Mentone, Cairo and Corfu . nds, and the cook is in attendance, wearing awhite apron. These cooks never lack custom ; a largemajority of the poorer class in Cairo obtains its hotfood, when it obtains it at all, at these impromptu tables.Before long one is sure to meet a file of camels. Thecamel ought to appreciate travellers; there is always atourist murmuring Oh! whenever one of these su-percilious beasts shows himself near the EzbekiyehGardens. The American, indeed, cannot keep back theexclamation; perhaps when he was a child he attended(oh, happy day!) the circus, and watched with ecstasythe

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Mentone, Cairo and Corfu . nds, and the cook is in attendance, wearing awhite apron. These cooks never lack custom ; a largemajority of the poorer class in Cairo obtains its hotfood, when it obtains it at all, at these impromptu tables.Before long one is sure to meet a file of camels. Thecamel ought to appreciate travellers; there is always atourist murmuring Oh! whenever one of these su-percilious beasts shows himself near the EzbekiyehGardens. The American, indeed, cannot keep back theexclamation; perhaps when he was a child he attended(oh, happy day!) the circus, and watched with ecstasythe Stock Photo
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Mentone, Cairo and Corfu . nds, and the cook is in attendance, wearing awhite apron. These cooks never lack custom ; a largemajority of the poorer class in Cairo obtains its hotfood, when it obtains it at all, at these impromptu tables.Before long one is sure to meet a file of camels. Thecamel ought to appreciate travellers; there is always atourist murmuring Oh! whenever one of these su-percilious beasts shows himself near the EzbekiyehGardens. The American, indeed, cannot keep back theexclamation; perhaps when he was a child he attended(oh, happy day!) the circus, and watched with ecstasythe
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Image ID: 2AJ59C8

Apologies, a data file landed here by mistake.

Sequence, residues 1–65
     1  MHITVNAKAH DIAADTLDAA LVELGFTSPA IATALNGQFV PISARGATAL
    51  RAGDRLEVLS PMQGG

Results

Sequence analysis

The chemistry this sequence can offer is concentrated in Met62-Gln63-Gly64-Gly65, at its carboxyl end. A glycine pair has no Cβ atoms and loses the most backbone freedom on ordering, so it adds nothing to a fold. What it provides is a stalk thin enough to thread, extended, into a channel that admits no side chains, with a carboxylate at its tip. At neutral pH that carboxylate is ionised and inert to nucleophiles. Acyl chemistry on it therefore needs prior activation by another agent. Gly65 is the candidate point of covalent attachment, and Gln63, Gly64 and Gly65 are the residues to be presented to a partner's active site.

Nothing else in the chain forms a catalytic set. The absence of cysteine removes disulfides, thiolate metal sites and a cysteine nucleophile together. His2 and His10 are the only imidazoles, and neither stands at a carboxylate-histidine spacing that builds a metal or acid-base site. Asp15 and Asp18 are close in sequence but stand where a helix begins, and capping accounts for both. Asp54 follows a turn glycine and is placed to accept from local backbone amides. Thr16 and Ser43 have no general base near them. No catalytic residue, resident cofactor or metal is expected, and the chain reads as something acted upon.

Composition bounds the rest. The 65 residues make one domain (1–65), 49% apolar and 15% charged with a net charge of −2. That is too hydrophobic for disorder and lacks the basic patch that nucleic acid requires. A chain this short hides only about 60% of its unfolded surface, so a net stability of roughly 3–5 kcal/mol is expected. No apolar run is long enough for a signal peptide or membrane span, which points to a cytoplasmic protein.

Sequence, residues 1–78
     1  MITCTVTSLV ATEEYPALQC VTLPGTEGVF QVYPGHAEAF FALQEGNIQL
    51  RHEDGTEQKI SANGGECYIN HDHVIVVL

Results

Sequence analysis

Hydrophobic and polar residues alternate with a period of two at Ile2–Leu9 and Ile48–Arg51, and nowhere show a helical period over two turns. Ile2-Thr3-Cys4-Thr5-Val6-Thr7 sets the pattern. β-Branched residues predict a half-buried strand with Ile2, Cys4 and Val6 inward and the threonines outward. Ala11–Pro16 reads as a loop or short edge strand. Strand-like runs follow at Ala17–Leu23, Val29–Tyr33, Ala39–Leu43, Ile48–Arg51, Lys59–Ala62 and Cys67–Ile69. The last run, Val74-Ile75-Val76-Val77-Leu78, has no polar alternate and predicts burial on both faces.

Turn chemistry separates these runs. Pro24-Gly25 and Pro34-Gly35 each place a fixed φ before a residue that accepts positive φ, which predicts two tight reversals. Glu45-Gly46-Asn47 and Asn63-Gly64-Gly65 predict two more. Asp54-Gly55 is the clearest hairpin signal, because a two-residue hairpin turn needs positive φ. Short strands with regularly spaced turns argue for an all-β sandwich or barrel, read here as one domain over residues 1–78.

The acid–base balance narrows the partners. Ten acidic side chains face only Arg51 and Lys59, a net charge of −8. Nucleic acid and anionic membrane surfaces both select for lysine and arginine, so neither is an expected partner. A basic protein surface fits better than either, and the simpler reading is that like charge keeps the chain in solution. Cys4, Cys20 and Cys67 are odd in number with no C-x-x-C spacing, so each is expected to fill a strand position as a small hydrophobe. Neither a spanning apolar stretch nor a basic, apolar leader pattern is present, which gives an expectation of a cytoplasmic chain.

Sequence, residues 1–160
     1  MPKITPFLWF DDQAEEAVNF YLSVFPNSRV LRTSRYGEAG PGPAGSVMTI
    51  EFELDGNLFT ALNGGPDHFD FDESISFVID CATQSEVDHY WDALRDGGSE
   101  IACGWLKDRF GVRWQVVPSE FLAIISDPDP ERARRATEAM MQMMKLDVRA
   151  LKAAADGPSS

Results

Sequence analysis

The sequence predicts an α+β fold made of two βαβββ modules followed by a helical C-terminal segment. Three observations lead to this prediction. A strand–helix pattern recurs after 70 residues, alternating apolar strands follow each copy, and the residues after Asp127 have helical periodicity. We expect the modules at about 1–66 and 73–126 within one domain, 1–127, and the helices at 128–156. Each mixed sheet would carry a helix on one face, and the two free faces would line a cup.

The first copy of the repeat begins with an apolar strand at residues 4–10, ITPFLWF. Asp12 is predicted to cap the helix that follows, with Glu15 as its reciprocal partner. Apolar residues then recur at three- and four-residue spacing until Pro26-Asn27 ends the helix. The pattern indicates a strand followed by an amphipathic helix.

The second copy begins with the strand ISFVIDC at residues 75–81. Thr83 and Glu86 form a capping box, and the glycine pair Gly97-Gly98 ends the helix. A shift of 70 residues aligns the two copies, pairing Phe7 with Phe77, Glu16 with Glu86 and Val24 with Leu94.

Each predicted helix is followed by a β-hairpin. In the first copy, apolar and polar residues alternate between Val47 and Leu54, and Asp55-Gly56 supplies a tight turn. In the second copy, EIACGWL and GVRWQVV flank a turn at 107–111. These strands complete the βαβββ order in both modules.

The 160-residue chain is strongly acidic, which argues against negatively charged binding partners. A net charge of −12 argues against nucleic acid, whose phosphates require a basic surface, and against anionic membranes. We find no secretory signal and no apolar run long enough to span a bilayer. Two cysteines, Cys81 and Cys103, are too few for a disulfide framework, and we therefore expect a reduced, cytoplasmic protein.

Mentone, Cairo and Corfu . nds, and the cook is in attendance, wearing awhite apron. These cooks never lack custom ; a largemajority of the poorer class in Cairo obtains its hotfood, when it obtains it at all, at these impromptu tables.Before long one is sure to meet a file of camels. Thecamel ought to appreciate travellers; there is always atourist murmuring Oh! whenever one of these su-percilious beasts shows himself near the EzbekiyehGardens. The American, indeed, cannot keep back theexclamation; perhaps when he was a child he attended(oh, happy day!) the circus, and watched with ecstasythe Grande Orientale Rentree of the Lights of theHarem—two of these strange steeds, ridden by daz-zling houris in veils of glittering gauze. The camel hasremained in his mind ever since as the attendant of sul-tanas ; though this impression may have become mixedin later years with the constantly recurring painting (ina dead-gold frame and red mat) of a camel and an Arabin the desert, outlined against a sunset sky. In either. 169 case, however, the animal represents something whichis as far as possible from an American street traversedby horse-cars, and when the inhabitant of this streetsees the identical creature passing him, engaged not inmaking rentrees or posing against the sunset, but dil-igently at work carrying stones and mortar for his liv-ing, no wonder he feels that he has reached a land ofdreams. Most of us do not lose our admiration for the Orient-alness of the camel. But we learn in time that hehas been praised for qualities which he does not pos-sess. He is industrious, but he continually scolds abouthis industry; he may not trouble one with his thirst,but he revenges himself by his sneer. The smile of acamel is the most disdainful thing I know. On theother side of the Nile bridge one comes sometimesupon an acre of these beasts, all kneeling down in theextraordinary way peculiar to them, with their hind-legs turned up; here they chew as they rest, and putout their l